The night before the tea, I prepped four batches of the base recipe (below), combining the dry ingredients in resealable plastic bags. I decided on four varieties: Lemon-Poppy, Ginger Spice, Almond, and Cranberry-Orange-White Chocolate Chip. With everything set up and ready to go, I left the mixing and baking for the morning.

If the lighting in these pictures looks a little strange, it's because I decided to leave the natural early-morning light unadjusted. How I love to bake before anyone else in the house is awake! Just me and my mug of bracing black coffee, the cat waiting more or less patiently for her breakfast, the oven ticking as it preheats. And then, the inevitable sleepy voices calling, "Mom, are you baking? What's for breakfast?" The rest of the family gets up on the right side of their respective beds, lured by the scent of freshly baked scones. Which, in this case, they were forbidden to touch. (Kidding!)

This base recipe can be customized any number of ways; I've included four here. The cream in this recipe acts as both fat and liquid, so please don't try to replace it with a lower-fat substitute like whole milk - the results will be disappointing.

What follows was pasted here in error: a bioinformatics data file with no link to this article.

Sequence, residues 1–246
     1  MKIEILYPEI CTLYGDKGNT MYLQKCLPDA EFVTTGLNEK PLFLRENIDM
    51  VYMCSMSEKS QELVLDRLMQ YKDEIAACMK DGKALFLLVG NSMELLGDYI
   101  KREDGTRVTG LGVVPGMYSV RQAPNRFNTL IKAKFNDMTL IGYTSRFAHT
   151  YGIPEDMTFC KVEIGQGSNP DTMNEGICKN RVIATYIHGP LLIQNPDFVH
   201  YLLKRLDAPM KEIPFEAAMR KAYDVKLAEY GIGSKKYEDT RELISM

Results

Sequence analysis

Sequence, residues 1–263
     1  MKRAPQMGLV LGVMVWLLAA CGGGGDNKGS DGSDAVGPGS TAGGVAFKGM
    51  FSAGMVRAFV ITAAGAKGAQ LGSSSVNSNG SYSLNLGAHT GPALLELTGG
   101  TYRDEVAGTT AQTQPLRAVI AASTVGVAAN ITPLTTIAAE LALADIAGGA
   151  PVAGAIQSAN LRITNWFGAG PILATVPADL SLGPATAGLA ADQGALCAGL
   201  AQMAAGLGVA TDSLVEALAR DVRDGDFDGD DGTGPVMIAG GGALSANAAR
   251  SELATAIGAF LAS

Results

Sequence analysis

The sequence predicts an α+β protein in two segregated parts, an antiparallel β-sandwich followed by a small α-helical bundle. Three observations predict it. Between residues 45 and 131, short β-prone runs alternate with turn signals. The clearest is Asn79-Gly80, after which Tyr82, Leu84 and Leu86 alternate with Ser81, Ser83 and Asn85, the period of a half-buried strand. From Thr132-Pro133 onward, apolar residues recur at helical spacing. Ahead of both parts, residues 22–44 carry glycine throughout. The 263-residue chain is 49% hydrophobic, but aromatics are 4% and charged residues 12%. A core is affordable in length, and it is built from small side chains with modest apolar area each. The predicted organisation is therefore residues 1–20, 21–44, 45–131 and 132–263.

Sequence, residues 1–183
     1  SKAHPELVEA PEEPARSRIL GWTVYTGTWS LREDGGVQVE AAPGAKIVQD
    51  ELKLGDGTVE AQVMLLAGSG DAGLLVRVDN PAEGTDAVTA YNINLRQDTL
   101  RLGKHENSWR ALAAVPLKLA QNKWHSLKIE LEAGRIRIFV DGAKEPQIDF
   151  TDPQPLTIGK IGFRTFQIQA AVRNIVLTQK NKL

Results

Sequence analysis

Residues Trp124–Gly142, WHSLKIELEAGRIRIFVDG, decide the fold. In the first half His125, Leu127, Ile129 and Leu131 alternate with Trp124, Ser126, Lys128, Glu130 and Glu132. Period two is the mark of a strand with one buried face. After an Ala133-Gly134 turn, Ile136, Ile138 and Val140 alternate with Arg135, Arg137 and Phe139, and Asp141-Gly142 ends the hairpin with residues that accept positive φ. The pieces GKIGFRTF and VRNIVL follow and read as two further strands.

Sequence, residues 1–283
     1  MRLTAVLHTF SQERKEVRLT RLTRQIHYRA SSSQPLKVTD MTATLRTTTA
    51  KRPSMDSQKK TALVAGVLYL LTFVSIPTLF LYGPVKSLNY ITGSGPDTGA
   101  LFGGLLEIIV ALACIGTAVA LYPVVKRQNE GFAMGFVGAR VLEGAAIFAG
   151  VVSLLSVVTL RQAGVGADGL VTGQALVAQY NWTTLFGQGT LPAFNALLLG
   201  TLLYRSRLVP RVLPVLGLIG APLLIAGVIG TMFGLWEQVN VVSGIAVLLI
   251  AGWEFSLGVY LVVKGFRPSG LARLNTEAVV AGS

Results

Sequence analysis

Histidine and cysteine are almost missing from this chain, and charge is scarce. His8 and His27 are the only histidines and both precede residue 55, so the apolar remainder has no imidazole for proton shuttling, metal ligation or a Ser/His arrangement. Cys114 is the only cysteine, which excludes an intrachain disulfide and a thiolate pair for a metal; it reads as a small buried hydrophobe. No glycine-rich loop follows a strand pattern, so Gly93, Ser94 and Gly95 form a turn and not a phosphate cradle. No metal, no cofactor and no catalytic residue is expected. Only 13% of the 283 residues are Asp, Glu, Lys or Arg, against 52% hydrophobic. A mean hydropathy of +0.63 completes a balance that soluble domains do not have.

Refrigerating these (and most other baked goods) will hasten staling, so keep any leftovers tightly wrapped on the counter or freeze them if you want to store them for a longer period.


Cream Scones ~ Basic Recipe
  • 2 cups unbleached all-purpose flour

  • 1/4 cup granulated sugar

  • 1 tablespoon baking powder

  • 1/2 teaspoon salt

  • 1 1/4 cups heavy cream or whipping cream, plus additional for brushing
  1. Preheat oven to 400 degrees F. Line a baking sheet with parchment paper or spray with nonstick cooking spray.

  2. Combine flour, 1/4 cup sugar, baking powder, and salt in a mixing bowl. Pour cream over dry ingredients. Mix just until dough clings together. Flour hands and fold - don't knead - dough over a few turns until it coheres. (You really do not want to overhandle the dough - just pat it into shape. Kneading will develop the gluten in the flour and give you tough scones.)

  3. Turn dough out onto a lightly floured surface. Pat or roll into a 1-inch-thick round (about 8 inches in diameter). Cut into 8 or 10 wedges or use a circular biscuit cutter to cut into rounds.

  4. Place scones on baking sheet, spacing them about an inch apart.

  5. Brush scones with cream; sprinkle with sugar if desired. Bake for about 15 minutes, until tops and bottoms are golden.

  6. Let scones cool slightly on rack; serve warm or at room temperature.

Makes 8 to 10 scones.

Variations:
~ Lemon-Poppyseed ~



  • Add 1 tablespoon lemon zest and 2 tablespoons poppyseeds to dry ingredients. Stir 1 teaspoon of pure lemon extract into cream before adding to flour mixture. Combine 2 tablespoons of sugar and 1 teaspoon of lemon zest and sprinkle over scones after brushing with beaten egg (instead of cream); bake as directed above.

~ Almond ~